OR WAIT null SECS
© 2023 MJH Life Sciences™ and Turbomachinery Magazine. All rights reserved.
Using hydrogen as a fuel in gas turbines plays an important role in the decarbonization of the energy sector. It’s a market need driven by regulation. Natural gas with hydrogen derived from chemical industry is emerging as a key fuel for burning in gas turbines.
This article is based on the presentation, “Hydrogen co-firing in Siemens low NOx industrial gas turbines” by Jenny Larfeldt, Mats Blomstedt, Mats Björkman and Åsa Lyckström of Siemens at Power Gen International.
Hydrogen combustion in a gas turbine has some unique features. Hydrogen ignites/burns fast. H2 combustion moves closer to the gas turbine injector and increases the risk of flashback. Hydrogen has a wide flammable region.
Hydrogen has a low ignition energy. Only a fraction of the ignition energy is needed to get H2 going compared to methane. Combustion is conceivable in unwanted sections/area and flame may appear inside burner, ie, flashback.
Gas turbines can burn hydrogen with some modifications in burner and combustion systems. NOx emissions increase if H2 percentage increases but the increase is still several order of magnitudes lower compared to conventional diffusion burners. The risk of flashback is similar to that of liquid fuels.
Mitigation differs depending on H2 amount in the fuel. The flame speed is ten times higher compared to natural gas. More compact flames in DLE burners (dry low emissions) lead to slight increase in NOx compared to natural gas.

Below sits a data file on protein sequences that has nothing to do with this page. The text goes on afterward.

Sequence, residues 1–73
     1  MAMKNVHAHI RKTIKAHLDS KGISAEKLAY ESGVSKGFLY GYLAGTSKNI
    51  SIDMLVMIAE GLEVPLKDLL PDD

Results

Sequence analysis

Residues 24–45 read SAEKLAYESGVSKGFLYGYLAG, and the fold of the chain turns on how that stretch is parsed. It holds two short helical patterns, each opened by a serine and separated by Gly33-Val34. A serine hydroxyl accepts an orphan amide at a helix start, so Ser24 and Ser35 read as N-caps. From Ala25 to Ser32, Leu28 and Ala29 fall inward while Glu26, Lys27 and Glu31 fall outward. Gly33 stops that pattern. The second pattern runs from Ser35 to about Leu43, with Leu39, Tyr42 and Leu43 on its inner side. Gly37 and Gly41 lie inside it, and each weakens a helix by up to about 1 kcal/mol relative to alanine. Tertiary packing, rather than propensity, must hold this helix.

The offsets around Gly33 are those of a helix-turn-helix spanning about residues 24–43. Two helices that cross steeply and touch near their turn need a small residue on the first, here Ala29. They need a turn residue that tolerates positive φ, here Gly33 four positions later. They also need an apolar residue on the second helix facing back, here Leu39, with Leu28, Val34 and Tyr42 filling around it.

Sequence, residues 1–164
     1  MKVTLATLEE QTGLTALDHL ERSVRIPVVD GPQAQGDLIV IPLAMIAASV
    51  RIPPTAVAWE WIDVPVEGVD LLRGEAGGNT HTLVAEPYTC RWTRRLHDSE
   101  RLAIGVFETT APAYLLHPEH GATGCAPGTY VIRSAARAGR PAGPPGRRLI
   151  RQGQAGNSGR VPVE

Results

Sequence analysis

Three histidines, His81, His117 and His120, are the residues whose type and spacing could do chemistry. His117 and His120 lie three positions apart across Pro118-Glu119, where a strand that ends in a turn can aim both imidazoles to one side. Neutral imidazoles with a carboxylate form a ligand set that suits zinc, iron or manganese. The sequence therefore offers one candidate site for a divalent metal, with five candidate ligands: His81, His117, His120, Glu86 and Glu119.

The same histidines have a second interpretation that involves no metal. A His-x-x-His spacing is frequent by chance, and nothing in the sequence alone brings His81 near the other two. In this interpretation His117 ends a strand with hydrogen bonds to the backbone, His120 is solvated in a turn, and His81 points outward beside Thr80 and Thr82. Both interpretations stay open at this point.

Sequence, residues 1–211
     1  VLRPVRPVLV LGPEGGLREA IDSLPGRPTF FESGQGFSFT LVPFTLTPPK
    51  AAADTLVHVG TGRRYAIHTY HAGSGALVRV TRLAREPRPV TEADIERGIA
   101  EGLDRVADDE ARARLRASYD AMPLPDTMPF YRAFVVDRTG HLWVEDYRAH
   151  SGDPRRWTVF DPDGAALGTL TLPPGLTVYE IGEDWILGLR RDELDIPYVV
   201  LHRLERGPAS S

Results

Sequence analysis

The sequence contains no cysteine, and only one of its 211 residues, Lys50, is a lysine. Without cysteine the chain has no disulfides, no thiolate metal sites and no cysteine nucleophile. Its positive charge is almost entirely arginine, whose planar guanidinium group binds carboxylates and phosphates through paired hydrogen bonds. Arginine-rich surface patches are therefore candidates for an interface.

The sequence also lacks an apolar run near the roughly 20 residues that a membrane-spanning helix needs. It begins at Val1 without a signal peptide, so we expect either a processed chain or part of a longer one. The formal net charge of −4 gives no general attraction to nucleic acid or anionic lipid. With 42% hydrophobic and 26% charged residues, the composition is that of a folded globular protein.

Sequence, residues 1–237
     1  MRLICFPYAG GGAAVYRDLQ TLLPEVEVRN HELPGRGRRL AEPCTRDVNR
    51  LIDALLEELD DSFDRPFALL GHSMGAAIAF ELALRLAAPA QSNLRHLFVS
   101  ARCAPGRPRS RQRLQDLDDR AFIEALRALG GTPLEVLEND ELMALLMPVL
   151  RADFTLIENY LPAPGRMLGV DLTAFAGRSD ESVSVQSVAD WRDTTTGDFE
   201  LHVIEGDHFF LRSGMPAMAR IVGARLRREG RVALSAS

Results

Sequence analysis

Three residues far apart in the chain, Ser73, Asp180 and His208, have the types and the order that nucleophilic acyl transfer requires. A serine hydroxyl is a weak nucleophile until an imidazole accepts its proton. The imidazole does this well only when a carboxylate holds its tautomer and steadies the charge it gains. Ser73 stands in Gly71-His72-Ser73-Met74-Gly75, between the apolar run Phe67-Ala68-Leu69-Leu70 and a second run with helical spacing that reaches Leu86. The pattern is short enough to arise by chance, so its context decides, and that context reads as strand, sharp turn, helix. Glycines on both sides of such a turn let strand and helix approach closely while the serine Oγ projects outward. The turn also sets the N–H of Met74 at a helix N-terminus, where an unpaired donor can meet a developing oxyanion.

Three regimes are observed:
H2 < 60 vol-%: slight increase in burning velocity and chemistry hydrocarbon dominated
60 < H2 < 90 vol-% intermediate regime
H2 > 90 vol-% dramatic increase in laminar burning velocity and chemistry is hydrogen dominated
Siemens has introduced hydrogen co-firing capability of up to 60% for various models. The general geometry of the burners are identical for the SGT-600,-700 & -800 that have hydrogen co-firing capability. There is no impact on service interval for co-firing of H2.
The next step for Siemens R&D is 100% H2. Experience has been built on steady increase of H2 co-firing capabilities based on continuous improvement of standard DLE burner design
What is aiding the development of DLE combustor for 100% H2 is additive manufacturing, according to the authors. The manufacturing is faster and previously impossible constructions are now possible.
For instance, a conventionally manufactured gas turbine combustor has 13 machined parts, is assembled by 18 welds, has an external pilot gas feed pipe, and weighs around 4.5 kg. An additive manufactured component has one part, the pilot gas feed is integrated in the structure, and the weight is 3.6 kg. Lead time is reduced by 90%.
Additive manufacturing is accelerating the development of extended fuel capability in gas turbines.